Monthly Archives: June 2012

FAQ Friday – Who really pays for unemployment insurance?

Q: Is unemployment insurance deducted from my paycheck?

Employers actually pay the payroll tax that finances unemployment insurance benefits and when a former employee leaves a job and starts to collect benefits, the employer’s payroll tax rate increases accordingly, even though that employee no longer works for their firm. Some unemployment insurance claimants continue to collect benefits long after they returned to work because they believe they paid into the fund and think they are entitled to the money. When that happens, they end up getting charged with fraud instead.

Employers – Seven Ways to Lower Your Unemployment Taxes

One: Report Your New Hires. Make us part of your hiring routine. Help prevent $5 million in fraudulent claims and lower your tax rate by reporting your new hires to the Idaho Department of Labor within 20 days. You can report online or just add your employee’s start date and your employer identification number to the bottom of the W-4 and drop it off, fax or mail it in. It’s easy. It saves money. And everyone benefits. Learn more at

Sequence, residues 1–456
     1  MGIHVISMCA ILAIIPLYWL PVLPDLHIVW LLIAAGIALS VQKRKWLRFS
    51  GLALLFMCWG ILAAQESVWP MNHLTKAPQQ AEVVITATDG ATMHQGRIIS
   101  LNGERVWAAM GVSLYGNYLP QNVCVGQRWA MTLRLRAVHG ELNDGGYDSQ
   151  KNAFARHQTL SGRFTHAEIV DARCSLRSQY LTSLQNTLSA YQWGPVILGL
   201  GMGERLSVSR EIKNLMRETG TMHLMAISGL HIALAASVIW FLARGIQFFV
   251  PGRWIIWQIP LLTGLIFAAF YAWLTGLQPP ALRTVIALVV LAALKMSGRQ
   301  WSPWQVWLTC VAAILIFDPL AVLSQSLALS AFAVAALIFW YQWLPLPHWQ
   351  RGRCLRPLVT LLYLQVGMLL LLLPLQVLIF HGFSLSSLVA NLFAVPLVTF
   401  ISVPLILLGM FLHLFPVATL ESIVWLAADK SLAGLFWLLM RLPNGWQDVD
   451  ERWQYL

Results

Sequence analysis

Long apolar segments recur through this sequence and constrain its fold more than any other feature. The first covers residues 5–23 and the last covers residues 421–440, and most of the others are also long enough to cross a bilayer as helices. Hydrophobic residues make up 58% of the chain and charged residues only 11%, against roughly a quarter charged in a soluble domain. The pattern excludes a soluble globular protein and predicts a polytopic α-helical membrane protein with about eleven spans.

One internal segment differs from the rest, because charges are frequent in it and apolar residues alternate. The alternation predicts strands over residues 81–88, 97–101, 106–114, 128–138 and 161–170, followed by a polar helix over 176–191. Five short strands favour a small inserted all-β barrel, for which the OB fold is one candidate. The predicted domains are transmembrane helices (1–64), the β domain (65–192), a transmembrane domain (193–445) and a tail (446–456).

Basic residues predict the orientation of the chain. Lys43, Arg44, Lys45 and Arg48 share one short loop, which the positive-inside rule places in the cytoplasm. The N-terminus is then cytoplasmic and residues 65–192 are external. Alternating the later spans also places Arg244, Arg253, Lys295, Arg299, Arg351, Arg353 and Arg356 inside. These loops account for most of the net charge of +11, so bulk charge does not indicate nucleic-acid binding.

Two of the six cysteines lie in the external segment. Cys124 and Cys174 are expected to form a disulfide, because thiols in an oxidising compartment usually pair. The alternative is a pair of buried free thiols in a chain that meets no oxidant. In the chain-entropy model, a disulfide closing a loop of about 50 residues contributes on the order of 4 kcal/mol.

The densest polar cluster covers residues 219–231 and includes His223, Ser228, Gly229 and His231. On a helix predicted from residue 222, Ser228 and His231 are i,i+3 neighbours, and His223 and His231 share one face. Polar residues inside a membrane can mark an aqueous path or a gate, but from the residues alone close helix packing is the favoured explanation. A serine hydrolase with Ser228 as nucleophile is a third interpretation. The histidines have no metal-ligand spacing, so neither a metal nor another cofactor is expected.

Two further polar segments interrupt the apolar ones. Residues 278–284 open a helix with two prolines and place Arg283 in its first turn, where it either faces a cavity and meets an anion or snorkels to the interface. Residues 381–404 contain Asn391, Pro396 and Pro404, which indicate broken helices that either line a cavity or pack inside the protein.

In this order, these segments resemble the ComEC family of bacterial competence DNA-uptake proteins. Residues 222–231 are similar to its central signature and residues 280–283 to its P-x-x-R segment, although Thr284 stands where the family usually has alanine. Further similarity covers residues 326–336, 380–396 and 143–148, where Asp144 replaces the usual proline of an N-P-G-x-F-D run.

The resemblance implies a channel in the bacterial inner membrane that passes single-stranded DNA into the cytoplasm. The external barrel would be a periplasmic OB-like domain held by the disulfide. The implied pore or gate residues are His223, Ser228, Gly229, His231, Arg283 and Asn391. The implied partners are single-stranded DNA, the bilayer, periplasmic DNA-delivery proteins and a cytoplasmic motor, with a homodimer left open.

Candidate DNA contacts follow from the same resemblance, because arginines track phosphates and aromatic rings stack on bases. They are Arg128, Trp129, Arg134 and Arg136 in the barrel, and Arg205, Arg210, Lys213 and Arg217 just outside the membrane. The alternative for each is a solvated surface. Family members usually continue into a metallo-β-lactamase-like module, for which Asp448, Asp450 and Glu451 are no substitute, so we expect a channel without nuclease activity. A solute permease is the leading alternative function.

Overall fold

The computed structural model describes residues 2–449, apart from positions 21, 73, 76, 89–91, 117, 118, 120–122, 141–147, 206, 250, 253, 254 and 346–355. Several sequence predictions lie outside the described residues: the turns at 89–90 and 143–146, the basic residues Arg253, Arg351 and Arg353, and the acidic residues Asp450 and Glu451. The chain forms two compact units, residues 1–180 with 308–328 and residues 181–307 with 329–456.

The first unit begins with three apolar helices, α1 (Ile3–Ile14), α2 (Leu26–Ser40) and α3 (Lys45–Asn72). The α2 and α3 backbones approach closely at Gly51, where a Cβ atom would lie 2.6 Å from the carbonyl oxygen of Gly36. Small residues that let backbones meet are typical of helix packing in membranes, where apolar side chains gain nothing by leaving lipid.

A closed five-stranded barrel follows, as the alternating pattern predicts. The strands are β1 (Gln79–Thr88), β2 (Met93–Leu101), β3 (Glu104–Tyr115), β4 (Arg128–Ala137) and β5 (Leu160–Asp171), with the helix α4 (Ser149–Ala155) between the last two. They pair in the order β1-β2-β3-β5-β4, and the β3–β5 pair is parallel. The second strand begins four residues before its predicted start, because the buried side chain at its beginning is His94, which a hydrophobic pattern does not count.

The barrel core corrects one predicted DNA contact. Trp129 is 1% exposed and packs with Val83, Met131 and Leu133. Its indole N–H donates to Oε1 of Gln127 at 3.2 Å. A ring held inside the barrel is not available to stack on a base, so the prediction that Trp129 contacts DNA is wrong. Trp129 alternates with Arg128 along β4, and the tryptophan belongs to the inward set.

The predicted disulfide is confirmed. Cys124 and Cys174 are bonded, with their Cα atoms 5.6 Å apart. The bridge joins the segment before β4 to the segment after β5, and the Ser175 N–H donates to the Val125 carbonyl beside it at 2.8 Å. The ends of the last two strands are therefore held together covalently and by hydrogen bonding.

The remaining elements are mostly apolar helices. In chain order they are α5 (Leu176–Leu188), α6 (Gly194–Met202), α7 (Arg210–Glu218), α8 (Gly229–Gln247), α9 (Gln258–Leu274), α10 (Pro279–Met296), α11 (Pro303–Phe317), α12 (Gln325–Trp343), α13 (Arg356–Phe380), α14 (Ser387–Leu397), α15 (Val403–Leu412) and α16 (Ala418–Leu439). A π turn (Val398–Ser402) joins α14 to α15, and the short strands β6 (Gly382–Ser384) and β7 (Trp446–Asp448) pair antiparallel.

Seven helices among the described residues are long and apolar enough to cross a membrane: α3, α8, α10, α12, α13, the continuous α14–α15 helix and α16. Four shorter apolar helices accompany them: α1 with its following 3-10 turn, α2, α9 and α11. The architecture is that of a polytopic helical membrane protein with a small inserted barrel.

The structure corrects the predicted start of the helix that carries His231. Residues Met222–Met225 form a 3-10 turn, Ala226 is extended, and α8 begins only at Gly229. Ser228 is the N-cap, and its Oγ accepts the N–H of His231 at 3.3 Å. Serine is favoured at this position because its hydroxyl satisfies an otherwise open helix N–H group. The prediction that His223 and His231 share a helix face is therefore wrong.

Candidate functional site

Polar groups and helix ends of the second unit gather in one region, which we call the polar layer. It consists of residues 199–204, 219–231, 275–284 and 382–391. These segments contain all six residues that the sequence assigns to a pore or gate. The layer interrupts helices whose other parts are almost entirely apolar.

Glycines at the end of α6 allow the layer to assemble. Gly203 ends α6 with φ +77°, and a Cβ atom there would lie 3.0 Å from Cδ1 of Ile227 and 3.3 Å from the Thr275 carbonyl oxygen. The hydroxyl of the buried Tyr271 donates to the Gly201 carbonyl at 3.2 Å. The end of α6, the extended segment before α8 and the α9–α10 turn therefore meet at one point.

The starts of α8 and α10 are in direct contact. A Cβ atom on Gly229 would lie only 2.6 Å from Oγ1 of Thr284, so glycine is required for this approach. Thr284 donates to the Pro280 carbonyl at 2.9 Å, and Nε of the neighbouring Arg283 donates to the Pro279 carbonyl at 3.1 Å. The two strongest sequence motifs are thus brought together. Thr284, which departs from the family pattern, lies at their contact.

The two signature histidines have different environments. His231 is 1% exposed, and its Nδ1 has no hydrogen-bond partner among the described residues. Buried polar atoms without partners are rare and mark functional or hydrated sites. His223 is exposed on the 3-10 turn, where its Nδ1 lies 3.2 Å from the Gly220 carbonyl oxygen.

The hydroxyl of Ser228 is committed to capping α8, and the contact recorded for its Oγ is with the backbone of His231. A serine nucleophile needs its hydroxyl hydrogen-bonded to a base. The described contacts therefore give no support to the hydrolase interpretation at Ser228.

Two: Respond Quickly to Unemployment Claims. Oftentimes unemployment insurance overpayments can be easily avoided when employers respond to claims filed by former employees in a timely manner. Continue reading

The Effective Job Search: Think Like an Employer

by Sharon O’Toole, Workforce Consultant, Canyon County

If you are like most job seekers, the whole hiring process can be confusing. When you are looking for a job, the most valuable thing you can know is what really works. Start by trying to look at the hiring process from the hiring manager’s perspective as they review resumes:

Will this applicant meet my needs?

What the manager needs to know the most is whether or not you have the skills and knowledge to do the job effectively. If your resume is not targeted specifically to the position you seek, you skills may seem  unrelated. If the employer is hiring a plumber, being an electrician, no matter how skilled, won’t do. If a salesperson is needed, the employer will not be interested in a secretary. That’s why it’s so important to identify and feature transferable skills. Carefully select skills and accomplishments from your list that speak directly to your ability to do the job.

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